The cytosol, also known as intracellular fluid (ICF) or cytoplasmic matrix, is the liquid found inside cells.
Deutoplasm refers to the food particles stored in the cytoplasm of an ovum or a cell, as distinguished from protoplasm, the yolk substance.
Ectoplasm (also exoplasm) (from the ancient Greek word ἐκτός - èktòs: outside and πλάσμα - plasma: literally that which has form) refers to the outer, non-granulated part of a cell's cytoplasm.
Édouard Joseph Louis Marie Van Beneden (Leuven, 5 March 1846 – Liège, 28 April 1910), son of Pierre-Joseph Van Beneden, was a Belgian embryologist, cytologist and marine biologist.
Eduard Adolf Strasburger (1 February 1844 – 18 May 1912) was a Polish-German professor and one of the most famous botanists of the 19th century.
An electron microscope is a microscope that uses a beam of accelerated electrons as a source of illumination.
Endoplasm generally refers to the inner (often granulated), dense part of a cell's cytoplasm.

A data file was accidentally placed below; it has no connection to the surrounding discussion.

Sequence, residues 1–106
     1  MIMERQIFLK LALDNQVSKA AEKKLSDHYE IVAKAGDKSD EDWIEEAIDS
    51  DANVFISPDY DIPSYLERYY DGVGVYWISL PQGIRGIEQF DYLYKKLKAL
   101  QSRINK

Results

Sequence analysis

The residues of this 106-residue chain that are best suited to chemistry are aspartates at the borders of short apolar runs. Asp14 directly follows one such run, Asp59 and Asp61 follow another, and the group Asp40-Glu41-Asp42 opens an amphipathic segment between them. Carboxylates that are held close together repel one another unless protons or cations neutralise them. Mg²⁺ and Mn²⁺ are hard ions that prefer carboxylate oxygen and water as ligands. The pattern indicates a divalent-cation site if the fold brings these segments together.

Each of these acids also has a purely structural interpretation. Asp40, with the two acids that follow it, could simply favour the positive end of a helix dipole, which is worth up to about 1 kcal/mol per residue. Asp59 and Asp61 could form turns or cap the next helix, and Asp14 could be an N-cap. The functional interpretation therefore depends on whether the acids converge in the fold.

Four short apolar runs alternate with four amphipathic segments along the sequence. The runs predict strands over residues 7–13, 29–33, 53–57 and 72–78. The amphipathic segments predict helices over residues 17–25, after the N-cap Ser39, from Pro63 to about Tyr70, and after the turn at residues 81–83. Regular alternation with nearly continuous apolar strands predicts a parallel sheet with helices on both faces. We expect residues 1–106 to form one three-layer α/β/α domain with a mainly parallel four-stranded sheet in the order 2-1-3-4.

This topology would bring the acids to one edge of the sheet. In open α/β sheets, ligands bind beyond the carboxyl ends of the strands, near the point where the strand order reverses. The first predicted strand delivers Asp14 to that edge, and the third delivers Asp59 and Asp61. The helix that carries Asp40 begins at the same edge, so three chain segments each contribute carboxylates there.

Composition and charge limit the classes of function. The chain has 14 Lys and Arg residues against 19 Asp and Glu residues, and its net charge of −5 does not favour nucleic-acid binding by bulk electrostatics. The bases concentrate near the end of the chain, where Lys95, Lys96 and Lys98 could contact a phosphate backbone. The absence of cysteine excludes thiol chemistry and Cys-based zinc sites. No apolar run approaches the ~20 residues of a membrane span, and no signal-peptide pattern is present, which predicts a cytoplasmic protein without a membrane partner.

The endoplasmic reticulum (ER) is a type of organelle found in eukaryotic cells that forms an interconnected network of flattened, membrane-enclosed sacs or tube-like structures known as cisternae.
Eukaryotes are organisms whose cells have a nucleus enclosed within membranes, unlike Prokaryotes (Bacteria and other Archaea).
In scientific research, an experimental system is the physical, technical and procedural basis for an experiment or series of experiments.
Félix Dujardin (5 April 1801 – 8 April 1860) was a French biologist born in Tours.
Gram-negative bacteria are bacteria that do not retain the crystal violet stain used in the gram-staining method of bacterial differentiation.
Ground substance is an amorphous gel-like substance in the extracellular space that contains all components of the extracellular matrix except for fibrous materials such as collagen and elastin.
Hugo von Mohl FFRS HFRSE (8 April 1805 – 1 April 1872) was a German botanist from Stuttgart.
An ion is an atom or molecule that has a non-zero net electrical charge (its total number of electrons is not equal to its total number of protons).
Jan Evangelista Purkyně (also written Johann Evangelist Purkinje) (17 or 18 December 1787 – 28 July 1869) was a Czech anatomist and physiologist.